“Our courts have consistently held that judges are immune from liability in civil actions for acts performed in their judicial capacity.” 5  Such immunity allows judges “to exercise within their lawful jurisdiction untrammeled determination without apprehension of subsequent damage suits.” 6  Citing the United States Supreme Court, we have noted that “[a] judge will not be deprived of immunity because the action he took was in error, was done maliciously, or was in excess of his authority;  rather, he will be subject to liability only when he has acted in the clear absence of all jurisdiction.” 7

 Judicial immunity protects judges against state law claims, as well as civil rights actions brought under 42 USC § 1983.8  This immunity does not apply, however, in two circumstances:  (1) when the judge commits a nonjudicial act, or an act not taken in the judge's judicial capacity, and (2) when the judge acts in a judicial capacity, but completely without jurisdiction.9  On appeal, Robinson asserts that she played no role in the State v. Dorsey criminal trial, had never been involved in any proceeding before Judge Becker, and was not in the Dorsey courtroom when she received the June 18 order.   She argues, therefore, that Judge Becker had no jurisdiction over her, lacked authority to ban her from the courthouse, and is not entitled to judicial immunity.

 We disagree.  “[W]hether an act by a judge is a ‘judicial’ one relates to the nature of the act itself, i.e., whether it is a function normally performed by a judge, and to the expectations of the parties, i.e., whether they dealt with the judge in his judicial capacity.” 10  As stated in the June 18, 2002 order, Judge Becker enjoined Robinson's conduct in an effort to protect Sidney Dorsey's right to a fair trial.   Undoubtedly, safeguarding a criminal defendant's rights is a function normally performed by a trial judge.11  A trial court also is authorized “[t]o preserve and enforce order in its immediate presence and, as near thereto as is necessary, to prevent interruption, disturbance, or hindrance to its proceedings.” 12  Finally, Judge Becker entered the orders in her capacity as the presiding judge in State v. Dorsey, and the parties to that proceeding certainly dealt with her in her judicial capacity.   Under these circumstances, we agree with the trial court that Judge Becker engaged in a “judicial act” when she issued the June 18, 2002 and June 25, 2002 orders.13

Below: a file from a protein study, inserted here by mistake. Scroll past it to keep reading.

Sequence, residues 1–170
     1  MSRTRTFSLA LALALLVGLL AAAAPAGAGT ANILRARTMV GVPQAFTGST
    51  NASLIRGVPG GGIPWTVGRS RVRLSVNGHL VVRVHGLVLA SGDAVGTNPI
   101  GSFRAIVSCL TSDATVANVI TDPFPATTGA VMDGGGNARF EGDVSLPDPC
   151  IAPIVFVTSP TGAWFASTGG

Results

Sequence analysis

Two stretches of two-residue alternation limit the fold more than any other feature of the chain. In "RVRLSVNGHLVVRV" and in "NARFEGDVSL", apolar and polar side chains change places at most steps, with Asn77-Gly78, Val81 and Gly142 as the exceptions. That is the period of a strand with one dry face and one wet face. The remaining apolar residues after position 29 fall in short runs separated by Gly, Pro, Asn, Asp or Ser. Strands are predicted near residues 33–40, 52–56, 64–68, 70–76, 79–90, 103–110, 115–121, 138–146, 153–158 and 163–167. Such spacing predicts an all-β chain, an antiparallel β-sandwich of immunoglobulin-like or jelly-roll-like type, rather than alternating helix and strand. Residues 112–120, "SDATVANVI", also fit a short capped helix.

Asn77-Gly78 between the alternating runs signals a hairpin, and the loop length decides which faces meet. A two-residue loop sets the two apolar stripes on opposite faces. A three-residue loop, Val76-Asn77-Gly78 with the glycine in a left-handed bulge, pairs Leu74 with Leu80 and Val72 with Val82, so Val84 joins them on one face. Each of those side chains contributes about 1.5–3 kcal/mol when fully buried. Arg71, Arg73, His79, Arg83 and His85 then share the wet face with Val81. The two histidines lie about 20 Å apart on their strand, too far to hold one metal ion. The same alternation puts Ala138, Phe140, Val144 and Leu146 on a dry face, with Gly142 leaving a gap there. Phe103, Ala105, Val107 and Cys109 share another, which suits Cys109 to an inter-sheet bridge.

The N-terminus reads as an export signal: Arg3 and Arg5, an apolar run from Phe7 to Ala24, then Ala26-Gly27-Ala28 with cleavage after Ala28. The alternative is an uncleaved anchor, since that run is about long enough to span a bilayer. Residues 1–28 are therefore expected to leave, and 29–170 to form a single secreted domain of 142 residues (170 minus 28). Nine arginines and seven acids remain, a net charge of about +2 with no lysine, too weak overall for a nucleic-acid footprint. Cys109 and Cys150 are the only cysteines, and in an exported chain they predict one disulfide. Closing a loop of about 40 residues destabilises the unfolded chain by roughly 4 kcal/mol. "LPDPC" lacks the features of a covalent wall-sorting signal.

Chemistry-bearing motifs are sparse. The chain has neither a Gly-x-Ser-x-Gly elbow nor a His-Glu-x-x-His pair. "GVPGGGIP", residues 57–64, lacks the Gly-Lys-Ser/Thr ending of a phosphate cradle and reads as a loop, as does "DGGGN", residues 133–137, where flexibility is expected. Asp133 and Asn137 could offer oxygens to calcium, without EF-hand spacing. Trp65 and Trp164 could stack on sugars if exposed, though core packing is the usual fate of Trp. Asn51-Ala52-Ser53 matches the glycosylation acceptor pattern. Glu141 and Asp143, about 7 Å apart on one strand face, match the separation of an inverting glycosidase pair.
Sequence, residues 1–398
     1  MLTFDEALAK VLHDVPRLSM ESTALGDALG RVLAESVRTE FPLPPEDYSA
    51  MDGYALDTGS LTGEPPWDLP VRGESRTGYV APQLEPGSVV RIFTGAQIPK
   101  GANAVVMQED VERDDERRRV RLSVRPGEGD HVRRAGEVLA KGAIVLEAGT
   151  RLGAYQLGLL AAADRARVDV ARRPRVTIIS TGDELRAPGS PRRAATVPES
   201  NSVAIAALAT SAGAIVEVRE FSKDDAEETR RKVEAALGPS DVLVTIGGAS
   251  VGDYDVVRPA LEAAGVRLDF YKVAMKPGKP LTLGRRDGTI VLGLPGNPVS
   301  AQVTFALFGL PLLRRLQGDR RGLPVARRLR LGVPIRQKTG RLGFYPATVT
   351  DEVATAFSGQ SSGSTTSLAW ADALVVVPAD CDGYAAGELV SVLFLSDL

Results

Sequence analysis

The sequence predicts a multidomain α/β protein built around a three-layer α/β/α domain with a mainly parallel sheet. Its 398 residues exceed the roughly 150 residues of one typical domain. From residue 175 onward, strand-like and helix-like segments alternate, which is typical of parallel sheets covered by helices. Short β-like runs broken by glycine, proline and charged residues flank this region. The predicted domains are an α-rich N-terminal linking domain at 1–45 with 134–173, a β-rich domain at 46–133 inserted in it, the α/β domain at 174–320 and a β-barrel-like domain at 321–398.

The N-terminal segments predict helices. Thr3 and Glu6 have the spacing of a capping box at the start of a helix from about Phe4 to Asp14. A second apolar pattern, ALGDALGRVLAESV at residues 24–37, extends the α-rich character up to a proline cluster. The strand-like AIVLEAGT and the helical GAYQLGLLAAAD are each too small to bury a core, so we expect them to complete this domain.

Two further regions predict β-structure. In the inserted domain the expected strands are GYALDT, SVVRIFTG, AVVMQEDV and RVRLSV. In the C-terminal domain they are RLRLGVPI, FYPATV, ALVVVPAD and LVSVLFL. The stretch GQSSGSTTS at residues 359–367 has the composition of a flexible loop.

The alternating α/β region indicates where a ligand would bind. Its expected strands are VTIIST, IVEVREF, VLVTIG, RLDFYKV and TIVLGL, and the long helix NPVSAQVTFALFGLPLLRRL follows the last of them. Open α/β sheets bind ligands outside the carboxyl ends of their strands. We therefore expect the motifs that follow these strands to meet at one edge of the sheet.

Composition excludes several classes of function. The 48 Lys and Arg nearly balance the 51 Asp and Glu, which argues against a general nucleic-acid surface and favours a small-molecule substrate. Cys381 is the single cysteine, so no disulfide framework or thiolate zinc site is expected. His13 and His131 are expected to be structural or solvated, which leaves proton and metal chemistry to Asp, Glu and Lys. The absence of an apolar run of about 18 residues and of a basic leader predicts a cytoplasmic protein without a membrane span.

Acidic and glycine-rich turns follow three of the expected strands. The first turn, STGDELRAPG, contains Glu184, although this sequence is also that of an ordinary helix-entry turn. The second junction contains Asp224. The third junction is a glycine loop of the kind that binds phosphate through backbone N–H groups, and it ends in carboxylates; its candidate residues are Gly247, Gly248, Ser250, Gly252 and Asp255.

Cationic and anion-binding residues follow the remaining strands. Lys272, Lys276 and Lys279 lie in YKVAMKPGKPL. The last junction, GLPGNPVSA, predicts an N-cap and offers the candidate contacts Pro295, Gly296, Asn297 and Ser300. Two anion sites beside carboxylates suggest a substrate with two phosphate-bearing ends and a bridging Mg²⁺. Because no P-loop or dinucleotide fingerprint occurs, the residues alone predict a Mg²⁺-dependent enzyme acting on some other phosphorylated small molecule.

We further find that Judge Becker acted within her jurisdiction when entering the orders.   In her complaint, Robinson asserted that Judge Becker had no personal jurisdiction over her.   She also claimed that Judge Becker “lacked subject matter jurisdiction” to regulate conduct outside of the Dorsey courtroom.   Without dispute, however, Judge Becker had jurisdiction over State v. Dorsey when she entered the orders, which specifically enjoined Robinson's actions with respect to that criminal trial.   Moreover, Judge Becker was authorized to control activities both inside and, where necessary, outside the courtroom to prevent disturbance to the criminal proceedings.14